31 January 2011

Bekkay Harrach Confirmed Dead in Afghanistan

As you can see by the lack of posts recently on the site, work has kept the entire Al Sahwa crew very busy over the last few months (we have to find some way to pay the ridiculously high rent here in DC!). However, I'm hoping to pick back up the pace of our posts during 2011. I'm excited to dive into Georgetown's Security Studies Program starting this semester, which will demand much of my time, but also hopefully re-energize the analytical and critical thinking parts of my brain. I'll be concentrating primarily on Terrorism and Substate Violence, which fits quite nicely with the original focus of the site. In our attempts to increase the frequency of posts, you might notice a slight decrease in the length of our articles, but hopefully not in the quality.

To start things off, I wanted to link to an excellent article/profile written by Chris Anzalone over at Foreign Policy (Chris also blogs at Views from the Occident, one of my daily reads). He profiles the recently deceased Bekkay Harrach, who was a key face for Al Qaeda in its European/German operations. Bekkay aka Abu Talha al Almani was reportedly killed in May 2010 leading a complex suicide attack on Bagram Airfield in eastern Afghanistan.

This is significant for many reasons, most of which Anzalone highlights expertly in his article, including:

• The rising levels of German citizens traveling to the AfPak region to participate in attacks; and the related implications of the ability for these individuals to acquire safe haven in Waziristan and NW Pakistan.

• The increasing ties between Al Qaeda Central, the Tehrik e Taliban Pakistan (TTP), and the Islamic Movement of Uzbekistan (IMU) - who all reportedly collaborated for the attack that Harrach died in.

• The pattern of using "local" spokespersons on many As Sahab media productions (such as Adam Gadahn in many of the English-language videos), indicating the increasing Western-focused media campaign by AQ. This clearly has direct recruiting/operational implications as well.

However, this report also prompted me to ask another question: why would AQ Central approve/allow such an important strategic figure to participate in what was essentially a tactical level operation? By many reports, Bekkay was one of the key inspirational and operational leaders of a group of German citizens who had traveled to the AfPak region and were serving as a forward hub for many European AQ members who wanted to participate in the jihad in Afghanistan. The only logical reason for Bekkay Harrach to lead the attack would be to gain additional followers and recruits after martyring himself. Essentially, he made the calculus that his death was more valuable to the organization than the work he was doing while still alive. Despite this possibility, I still have a hard time seeing the leadership of AQ Central being willing to lose such an important media/propaganda figure in such an attack. Anyone have other competing theories that might explain this anomaly?


  1. Pat,

    Congrats on Georgetown, and good luck.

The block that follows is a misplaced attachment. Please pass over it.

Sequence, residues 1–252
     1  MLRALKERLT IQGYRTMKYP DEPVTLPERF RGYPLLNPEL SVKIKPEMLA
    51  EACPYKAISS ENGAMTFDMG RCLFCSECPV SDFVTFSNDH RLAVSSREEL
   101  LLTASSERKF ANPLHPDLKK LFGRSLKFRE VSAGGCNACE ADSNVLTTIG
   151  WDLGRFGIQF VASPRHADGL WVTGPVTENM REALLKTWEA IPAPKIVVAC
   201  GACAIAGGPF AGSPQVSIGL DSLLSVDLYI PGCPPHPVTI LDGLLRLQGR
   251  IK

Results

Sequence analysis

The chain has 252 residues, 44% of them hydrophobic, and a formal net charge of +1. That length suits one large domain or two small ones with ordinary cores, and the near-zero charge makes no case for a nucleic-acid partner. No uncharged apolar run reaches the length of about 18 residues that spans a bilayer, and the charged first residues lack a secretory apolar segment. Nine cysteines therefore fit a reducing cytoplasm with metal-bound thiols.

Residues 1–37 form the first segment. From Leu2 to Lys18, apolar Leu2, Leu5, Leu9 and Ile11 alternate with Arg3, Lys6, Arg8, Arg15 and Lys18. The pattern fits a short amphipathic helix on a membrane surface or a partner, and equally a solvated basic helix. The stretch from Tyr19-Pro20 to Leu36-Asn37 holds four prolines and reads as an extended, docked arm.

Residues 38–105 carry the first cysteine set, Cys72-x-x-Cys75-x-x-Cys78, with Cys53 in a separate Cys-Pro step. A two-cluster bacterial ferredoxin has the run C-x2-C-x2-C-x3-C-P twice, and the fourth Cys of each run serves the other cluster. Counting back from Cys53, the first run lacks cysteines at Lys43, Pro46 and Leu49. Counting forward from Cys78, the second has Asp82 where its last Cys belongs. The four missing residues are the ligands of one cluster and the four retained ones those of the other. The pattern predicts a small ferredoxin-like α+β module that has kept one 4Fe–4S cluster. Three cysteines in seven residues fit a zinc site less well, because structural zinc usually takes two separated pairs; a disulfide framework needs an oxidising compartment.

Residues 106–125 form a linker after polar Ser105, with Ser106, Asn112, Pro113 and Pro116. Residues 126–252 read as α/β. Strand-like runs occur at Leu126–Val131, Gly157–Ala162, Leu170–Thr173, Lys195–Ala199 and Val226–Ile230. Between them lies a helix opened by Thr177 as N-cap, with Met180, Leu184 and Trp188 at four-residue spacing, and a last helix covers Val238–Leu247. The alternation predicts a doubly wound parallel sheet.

I think that if we assume a purely rationalistic take on BH that we have a few possible reasons why one might risk a supposedly important operative. The first is the one that you provide, which I will call the Obi Wan Kenobi theory. However, there are at least two other possibilities.

    One is that either BH was not that key to the European members of Al Qaeda, or that the European members as a whole are not that valuable. In the later case, there are several possibilities, but the most likely seems to be that as Al Qaeda has decentralized to become more of a network and less of an organization each group has become increasingly parochial. As such in an area where Al Qaeda interests are likely dominated by the local ethnic Pashtun's the relatively few Europeans would become secondary actors, or perhaps even liabilities for solidarity. In the end, war, just like politics, was all local. We can call this the parochialization theory.

    The second possibility is that Al Qaeda is really hard up for people. Al Qaeda was never really that large to begin with and a continuous stream of Hellfire missles can wear a group down. An organization of a few hundred can only afford to lose one person a day for so long. We can call this the attrition theory.

    None of the three theories is clearly dominant, nor are they mutually exclusive. However, if we start seeing other mid-upper level commanders getting killed in tactical operations we will know that it is probably either the attrition or the parochialization theory. If those commanders are both Pashtun and non-Pashtun then my money is on attrition. If it is primarily 'outlanders', then it looks like parochialization is the winner. In the end, I suppose that the Obi Wan Kenobi motive could be legit, but it sounds to me a lot like something someone tells themselves to feel better about throwing away their life for what is probably nothing. I would not rule out a somewhat irrational mid-level leader who liked to take unnecessary risks, though, so it remains possible.

    David Benson

  2. Or possibly he was trying to get some wasta and look like a jihad hero to the Euro front?

  3. I'm with Josh on this one. Many a commander has risked to get some street cred in many a battle. Seems as likely as any other theory with a dose of Occam's Razor (or Hanlon's Razor, depending...). The pre-battle conversation probably went like this:

    Taliban Commander: We will strike the devil in his den with a an army of martyrs tomorrow!

    Harrach: Brother, let me lead some of your martyrs for glory.

    Taliban Commander: Are you sure brother? this is a dangerous mission!

    Harrach: I give my life for the jihad.

    Army PFC on the HESCO: Roger, I see him. pop pop

  4. Is there any info on IMU involvement in south Kyrgyzstan ethnic conflict(June 2010)?